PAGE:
"Committed", in her words, "to using and abusing new technologies", Adriene Jenik is an award-winning media artist, filmmaker, and educator. From 2009-2016, she served as the Katherine K. Herberger endowed chair of Fine Arts and Director of the School of Art at Arizona State University (ASU), and she is currently a professor of intermedia at ASU. She has also been an active member of the Paper Tiger TV collective and Deep Dish TV.
She brings to her work -- which has been at the forefront of exploratory media, new media narrative, and community-based networked public art using wireless networks -- a knowledge of technology; an interest in creating new forms of literature, cinema, and performance; and a narrative sensibility that is sometimes community-based, sometimes addresses issues of gender and sexuality, and sometimes looks at the human connection in a technology-mediated world.
In addition to MAUVE DESERT: A CD-Rom Translation, Adriene Jenik's directorial credits include What's the Difference Between a Yam and A Sweet Potato?; (with J. Evan Dunlap) El Naftazteca: Cyber-Aztec TV for 2000 A.D.; (with Guillermo Gomez-Pena); and Desktop Theater. (with Lisa Brenneis and the DT troupe). She is Director of SPECFLIC, an ongoing Distributed Social Cinema project.
Her creative writing and essays have been published in The Drama Review, High Performance, Felix, The L.A. Weekly, Off Video, Heresies, and the Utne Reader. Her awards include a Rockefeller Foundation Fellowship in New Media, as well as commissions from the Franklin Furnace Future of the Present project, the San Jose Zero One festival, and UCLA Performance Studies. Her work has been widely screened and exhibited, including among many other places, the San Diego Museum of Art, the San Jose Museum of Art, the Banff Centre's Walter Phillips Gallery; Exit Art, the American Film Institute, the Toronto International Film Festival, OUTFEST, the New York Lesbian and Gay Experimental Film Festival, the Melbourne International Film Festival, and the European Media Arts Festival.
Adriene Jenik's narrative of the creation of MAUVE DESERT: A CD-ROM Translation, based on Nicole Brossard's le Désert Mauve, is a classic look at the process of creating a new media narrative. And is also an example of how writers and artists work to keep their projects current in the face of changing platforms and applications.
"The beauty of words, the power of the desert, and the fears and fantasies of human evolution with technology are all still real -- and present and prescient in the work," she observes in her statement.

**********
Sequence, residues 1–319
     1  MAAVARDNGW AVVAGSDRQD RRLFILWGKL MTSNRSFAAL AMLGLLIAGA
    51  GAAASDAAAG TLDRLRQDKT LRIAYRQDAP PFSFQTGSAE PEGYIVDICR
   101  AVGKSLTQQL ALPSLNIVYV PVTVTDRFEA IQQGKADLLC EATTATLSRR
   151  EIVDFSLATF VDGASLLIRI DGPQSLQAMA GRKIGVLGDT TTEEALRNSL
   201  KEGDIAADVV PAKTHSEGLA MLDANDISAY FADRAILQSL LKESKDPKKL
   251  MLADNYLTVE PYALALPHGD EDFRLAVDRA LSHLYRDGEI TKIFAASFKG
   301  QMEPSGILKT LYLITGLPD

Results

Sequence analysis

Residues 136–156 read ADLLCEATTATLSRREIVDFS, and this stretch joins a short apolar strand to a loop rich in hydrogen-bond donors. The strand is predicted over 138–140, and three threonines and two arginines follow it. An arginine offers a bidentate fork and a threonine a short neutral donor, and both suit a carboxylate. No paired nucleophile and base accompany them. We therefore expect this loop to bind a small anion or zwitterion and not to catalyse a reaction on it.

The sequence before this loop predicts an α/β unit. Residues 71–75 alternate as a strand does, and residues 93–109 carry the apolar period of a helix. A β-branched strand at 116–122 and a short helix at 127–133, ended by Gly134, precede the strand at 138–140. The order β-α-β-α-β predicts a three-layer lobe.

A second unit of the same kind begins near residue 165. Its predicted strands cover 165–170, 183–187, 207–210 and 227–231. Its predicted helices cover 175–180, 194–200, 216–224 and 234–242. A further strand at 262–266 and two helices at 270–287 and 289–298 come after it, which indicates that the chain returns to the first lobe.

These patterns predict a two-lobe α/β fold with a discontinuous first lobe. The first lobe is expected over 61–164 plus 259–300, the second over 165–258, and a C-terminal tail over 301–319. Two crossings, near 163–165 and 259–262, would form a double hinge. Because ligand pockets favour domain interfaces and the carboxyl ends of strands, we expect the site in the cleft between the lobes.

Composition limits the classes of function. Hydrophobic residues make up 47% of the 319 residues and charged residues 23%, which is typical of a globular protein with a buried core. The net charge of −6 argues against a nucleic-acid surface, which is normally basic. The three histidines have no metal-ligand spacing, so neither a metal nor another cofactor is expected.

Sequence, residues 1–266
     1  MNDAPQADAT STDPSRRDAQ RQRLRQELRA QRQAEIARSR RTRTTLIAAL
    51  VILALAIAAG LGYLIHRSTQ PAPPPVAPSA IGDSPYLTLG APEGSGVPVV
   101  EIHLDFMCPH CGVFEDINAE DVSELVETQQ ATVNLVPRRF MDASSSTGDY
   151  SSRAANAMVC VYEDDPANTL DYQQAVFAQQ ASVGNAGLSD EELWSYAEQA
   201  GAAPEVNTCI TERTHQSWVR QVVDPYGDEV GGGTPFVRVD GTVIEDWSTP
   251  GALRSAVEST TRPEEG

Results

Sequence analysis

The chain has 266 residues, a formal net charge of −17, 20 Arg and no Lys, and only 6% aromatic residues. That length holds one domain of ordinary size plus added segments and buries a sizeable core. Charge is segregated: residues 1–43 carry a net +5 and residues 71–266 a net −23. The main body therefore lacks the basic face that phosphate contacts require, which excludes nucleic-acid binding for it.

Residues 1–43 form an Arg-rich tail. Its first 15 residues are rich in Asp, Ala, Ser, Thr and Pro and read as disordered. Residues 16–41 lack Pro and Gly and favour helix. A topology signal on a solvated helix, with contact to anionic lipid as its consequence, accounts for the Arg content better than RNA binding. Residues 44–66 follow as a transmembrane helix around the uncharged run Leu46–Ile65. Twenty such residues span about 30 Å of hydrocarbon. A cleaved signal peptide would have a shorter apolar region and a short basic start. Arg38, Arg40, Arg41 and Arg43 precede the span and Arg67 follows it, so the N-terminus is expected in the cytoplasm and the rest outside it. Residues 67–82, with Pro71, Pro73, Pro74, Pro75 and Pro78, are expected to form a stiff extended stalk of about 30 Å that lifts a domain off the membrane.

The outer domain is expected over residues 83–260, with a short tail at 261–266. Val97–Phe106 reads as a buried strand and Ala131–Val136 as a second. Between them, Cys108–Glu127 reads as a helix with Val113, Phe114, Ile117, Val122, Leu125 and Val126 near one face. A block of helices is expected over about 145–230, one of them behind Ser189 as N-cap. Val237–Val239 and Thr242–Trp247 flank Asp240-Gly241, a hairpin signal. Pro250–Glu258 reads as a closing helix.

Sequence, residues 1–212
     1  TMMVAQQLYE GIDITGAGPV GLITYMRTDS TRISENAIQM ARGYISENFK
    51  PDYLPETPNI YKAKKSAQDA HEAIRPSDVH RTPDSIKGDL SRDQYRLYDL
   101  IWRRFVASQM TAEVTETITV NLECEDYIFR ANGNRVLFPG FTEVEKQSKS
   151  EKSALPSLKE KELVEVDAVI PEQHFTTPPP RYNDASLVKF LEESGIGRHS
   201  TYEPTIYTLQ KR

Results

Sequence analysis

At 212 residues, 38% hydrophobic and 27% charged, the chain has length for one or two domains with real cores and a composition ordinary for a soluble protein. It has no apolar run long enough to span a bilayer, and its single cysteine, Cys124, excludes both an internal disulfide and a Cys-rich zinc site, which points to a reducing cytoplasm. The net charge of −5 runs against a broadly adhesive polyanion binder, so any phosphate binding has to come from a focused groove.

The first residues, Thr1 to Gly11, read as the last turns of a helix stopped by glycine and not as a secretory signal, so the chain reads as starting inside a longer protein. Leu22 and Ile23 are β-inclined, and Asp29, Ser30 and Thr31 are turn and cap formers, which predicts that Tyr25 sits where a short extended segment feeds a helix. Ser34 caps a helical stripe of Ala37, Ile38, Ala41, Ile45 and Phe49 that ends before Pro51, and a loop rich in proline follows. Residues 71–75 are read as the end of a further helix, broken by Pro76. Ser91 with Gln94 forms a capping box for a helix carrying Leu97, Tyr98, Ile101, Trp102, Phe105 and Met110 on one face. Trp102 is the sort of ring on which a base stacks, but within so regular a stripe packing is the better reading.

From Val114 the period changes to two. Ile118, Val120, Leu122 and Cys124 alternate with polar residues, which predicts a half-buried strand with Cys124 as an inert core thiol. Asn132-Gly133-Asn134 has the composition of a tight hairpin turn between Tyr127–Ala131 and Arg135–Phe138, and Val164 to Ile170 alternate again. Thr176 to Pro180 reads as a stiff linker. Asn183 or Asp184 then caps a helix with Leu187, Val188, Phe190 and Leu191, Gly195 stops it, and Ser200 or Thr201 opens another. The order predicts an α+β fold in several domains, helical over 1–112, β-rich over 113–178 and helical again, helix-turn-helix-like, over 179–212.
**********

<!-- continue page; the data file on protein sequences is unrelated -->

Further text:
For more information about Adriene Jenik, visit her homepage at http://www.adrienejenik.net
Adriene Jenik - MAUVE DESERT: A CD-Rom Translation
"Keep to beauty. Have no fear. Muffle civilization's noises in you."
In 1991 I stumbled upon a book that would change my life. The English translation of the feted French-Canadian poet/essayist/novelist Nicole Brossard's most accessible book, le Désert Mauve, literally jumped off a shelf in my favorite independent bookstore into my book-laden arms. After reading and rereading the first page of this slim but affecting experimental text, I knew I was destined to bring it to life in images and sound.
It was my great fortune that this very personal discovery coincided with an emerging cultural shift in media practice. As I began developing the work for the screen, after securing an option through a personal appeal and extended exchange with the author, it's challenge loomed large. The looping, recursive structure of Brossard's story, so beautifully suited to flipping back and forth through the pages of a book, was going to be particularly challenging to confine to a linear (beginning to end, time-based) film format. As well, I was wrestling with how to attend to the issues of language and translation. (central themes in the text and politically loaded cultural issues in both the French Quebec of Brossard and the American southwest borderlands of the book and myself) Living and teaching electronic media art in Los Angeles, where the future of electronic entertainment was buzzing in the industry background, heightened my awareness of the restructuring and convergence of media made possible through computing-centered digital formats. I soon understood that the full realization of my vision for MAUVE DESERT required that I acquire new skills, knowledge and artistry to create a new expressive form -- interactive cinema.